Six: Cambodia, in spite of having massive labour unrests, unstable production units, increasing number of strikes over wages, benefits and alleged labour abuses, still continues to attempt to look better. The French Development Agency and Sipar have decided to invest $640,000 to provide a library resource center at garment factories for workers. This, they claim, will improve opportunities for women to access information and to fight illiteracy. At our end, Bangladesh, too, has many humane stories to tell. . .
Bottom line: Bangladesh just needs to be aptly showcased.
Now, how does a country become a brand?
Unfortunately, branding requires strong assistance, guidance and endorsements.
Firstly, the country needs to subscribe to a “do-good; look-good; feel-good” policy. Entrepreneurs need to undertake good practices, eventually leading us to look good to the rest of the world and ultimately resulting in us feeing good about who we truly have become. Thanks to the brands and their interest in remediation, the country is moving forward and in spite of most of us being critically pushed to be the best in the league, considerable progress is in sight. Meantime, some of us are also waiting for the monitoring platforms to exit the country. That will, however, not solve any of our problems. If we have done good and set up or are setting up good practices in our factories, we need to be noticed, talked about, and written about in the international arena. Most of all, we need to be endorsed. Mutual shoulder patting or self-endorsement will not suffice. Only a national trophy will not be enough. Since we are part of an international supply chain, we need to stay tuned to the international channels in order to be part of an international success story.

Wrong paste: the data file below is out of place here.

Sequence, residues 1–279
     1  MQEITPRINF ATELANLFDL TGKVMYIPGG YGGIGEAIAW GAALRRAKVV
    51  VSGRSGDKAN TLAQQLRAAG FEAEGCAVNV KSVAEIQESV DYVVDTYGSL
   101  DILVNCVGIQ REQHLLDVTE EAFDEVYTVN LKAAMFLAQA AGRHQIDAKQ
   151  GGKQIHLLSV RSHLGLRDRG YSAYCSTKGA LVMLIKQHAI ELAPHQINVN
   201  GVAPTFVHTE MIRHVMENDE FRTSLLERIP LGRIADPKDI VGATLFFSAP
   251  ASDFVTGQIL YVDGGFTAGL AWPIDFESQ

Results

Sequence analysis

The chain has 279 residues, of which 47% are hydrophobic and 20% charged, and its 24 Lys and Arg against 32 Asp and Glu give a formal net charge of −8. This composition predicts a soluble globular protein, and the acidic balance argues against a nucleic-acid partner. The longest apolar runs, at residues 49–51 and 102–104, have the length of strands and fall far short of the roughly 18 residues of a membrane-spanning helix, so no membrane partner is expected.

This can’t be achieved in isolation or through a smear campaign against any platform where we stand to lose our own credibility. So, if we are to brand ourselves, let’s all join hands so that while we strive towards becoming the best in the world, we will rise to such a position of strength where no one will anymore be able to touch us with any stories of misconduct, failure or abuse.
Bottom line: Bangladesh needs to be indispensably branded for all times to come.